This image is labelled The Symbolic Figure of the Course of Human History Described by Virgil. Damon (Blake Dictionary) states that it "represents the form of Empire shedding fruitless tears." Empires rise and fall. The golden head may represent Babylon, the silver arms and torso: Empire of Medes and Persians; the brass loins: Greece; the iron legs: Rome; and the feet of iron and clay: Europe.
Jerusalem, Plate 97, (E 256)
"Fourfold the Vision for bright beaming Urizen
Layd his hand on the South & took a breathing Bow of carved Gold
Luvah his hand stretch'd to the East & bore a Silver Bow bright shining
Tharmas Westward a Bow of Brass pure flaming richly wrought
Urthona Northward in thick storms a Bow of Iron terrible thundering."
Virgil speaking to Dante:
"Amid the sea there lies a wasted land,”
he told me thereupon, “whose name is Crete,
under whose king the world of old was pure.
There is a mountain there, which, happy once
with waters and green leaves, was Ida called;
’t is now abandoned like a thing outworn.
Whilom as trusty cradle for her son
Rhea selected it, and when he wept,
to hide him better, caused a shouting there.
Within that mountain stands a great Old Man,
who holds his shoulders toward Damiata turned,
and who, as at his mirror, looks at Rome.
His head is formed of finest gold, his arms
and breast are of the purest silver, then,
as far as to his loins, he ’s made of brass;
all chosen iron is he down from there,
save that baked clay his right foot is, and straighter
he stands on that, than on the other foot.
Each of these parts, except the golden one,
is broken by a cleft, whence trickle tears,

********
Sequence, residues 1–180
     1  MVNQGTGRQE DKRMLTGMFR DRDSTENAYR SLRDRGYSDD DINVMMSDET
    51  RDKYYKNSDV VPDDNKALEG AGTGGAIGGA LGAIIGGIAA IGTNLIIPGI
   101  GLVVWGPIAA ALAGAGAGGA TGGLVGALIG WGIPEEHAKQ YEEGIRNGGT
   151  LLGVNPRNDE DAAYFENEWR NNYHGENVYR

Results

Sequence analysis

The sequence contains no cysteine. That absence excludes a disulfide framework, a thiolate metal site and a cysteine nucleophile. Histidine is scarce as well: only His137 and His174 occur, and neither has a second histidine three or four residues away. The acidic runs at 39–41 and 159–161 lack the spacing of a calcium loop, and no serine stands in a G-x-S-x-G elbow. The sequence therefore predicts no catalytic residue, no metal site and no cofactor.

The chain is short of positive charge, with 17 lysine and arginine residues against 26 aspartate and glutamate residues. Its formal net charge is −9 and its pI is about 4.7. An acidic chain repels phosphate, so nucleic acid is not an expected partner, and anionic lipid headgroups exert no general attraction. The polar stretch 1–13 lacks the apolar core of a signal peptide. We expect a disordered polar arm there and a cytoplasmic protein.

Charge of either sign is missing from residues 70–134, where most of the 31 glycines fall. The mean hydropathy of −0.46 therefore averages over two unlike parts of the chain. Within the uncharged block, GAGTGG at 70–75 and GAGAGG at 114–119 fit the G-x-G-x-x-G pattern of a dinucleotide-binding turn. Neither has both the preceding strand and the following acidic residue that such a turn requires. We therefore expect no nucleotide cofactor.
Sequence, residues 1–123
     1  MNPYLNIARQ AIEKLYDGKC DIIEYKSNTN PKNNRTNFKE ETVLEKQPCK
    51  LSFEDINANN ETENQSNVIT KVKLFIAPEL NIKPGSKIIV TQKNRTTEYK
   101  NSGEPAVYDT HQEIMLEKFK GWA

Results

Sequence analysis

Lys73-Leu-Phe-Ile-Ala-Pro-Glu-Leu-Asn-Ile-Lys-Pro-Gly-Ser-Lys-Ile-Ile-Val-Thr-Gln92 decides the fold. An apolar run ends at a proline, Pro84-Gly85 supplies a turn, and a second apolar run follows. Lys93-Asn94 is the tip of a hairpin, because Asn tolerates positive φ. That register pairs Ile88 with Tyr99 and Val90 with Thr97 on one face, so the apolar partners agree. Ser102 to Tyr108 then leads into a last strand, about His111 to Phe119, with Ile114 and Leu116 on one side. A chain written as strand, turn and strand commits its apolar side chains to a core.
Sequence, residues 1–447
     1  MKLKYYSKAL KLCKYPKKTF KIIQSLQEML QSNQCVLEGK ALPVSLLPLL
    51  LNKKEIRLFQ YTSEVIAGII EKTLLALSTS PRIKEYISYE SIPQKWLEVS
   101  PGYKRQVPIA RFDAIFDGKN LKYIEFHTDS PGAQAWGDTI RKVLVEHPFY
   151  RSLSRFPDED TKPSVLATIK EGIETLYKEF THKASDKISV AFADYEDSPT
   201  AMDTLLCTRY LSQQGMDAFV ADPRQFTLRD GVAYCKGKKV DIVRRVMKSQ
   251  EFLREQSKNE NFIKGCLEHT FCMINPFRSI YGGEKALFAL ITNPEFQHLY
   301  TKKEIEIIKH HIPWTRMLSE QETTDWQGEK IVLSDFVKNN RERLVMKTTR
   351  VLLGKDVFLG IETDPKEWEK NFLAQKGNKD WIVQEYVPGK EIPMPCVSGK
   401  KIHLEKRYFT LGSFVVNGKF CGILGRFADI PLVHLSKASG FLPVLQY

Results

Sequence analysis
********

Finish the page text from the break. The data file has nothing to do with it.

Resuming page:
which, when collected, perforate that cave.
From rock to rock they course into this vale;
then Acheron with Styx and Phlegethon
they form, and through this narrow duct descend
as far as where one goes no further down;
they form Cocytus there; and what that pool
is like, thou ’lt see; hence here it is not told."
Blake has the Spectre speak words which may be apropos for a figure representing the course of human history. The metals, the clay and the tears enter into the written imagery of Dante and Blake, and the visual image which links them both.
Jerusalem, Plate 10, (E 153) "O that I could cease to be! Despair! I am Despair Created to be the great example of horror & agony: also my Prayer is vain I called for compassion: compassion mockd Mercy & pity threw the grave stone over me & with lead And iron, bound it over me for ever: Life lives on my Consuming: & the Almighty hath made me his Contrary To be all evil, all reversed & for ever dead: knowing And seeing life, yet living not; how can I then behold And not tremble; how can I be beheld & not abhorrd So spoke the Spectre shuddring, & dark tears ran down his shadowy face Which Los wiped off, but comfort none could give! or beam of hope Yet ceasd he not from labouring at the roarings of his Forge With iron & brass Building Golgonooza in great contendings Till his Sons & Daughters came forth from the Furnaces At the sublime Labours for Los. compelld the invisible Spectre PLATE 11 To labours mighty, with vast strength, with his mighty chains, In pulsations of time, & extensions of space, like Urns of Beulah With great labour upon his anvils, & in his ladles the Ore He lifted, pouring it into the clay ground prepar'd with art; Striving with Systems to deliver Individuals from those Systems; That whenever any Spectre began to devour the Dead, He might feel the pain as if a man gnawd his own tender nerves."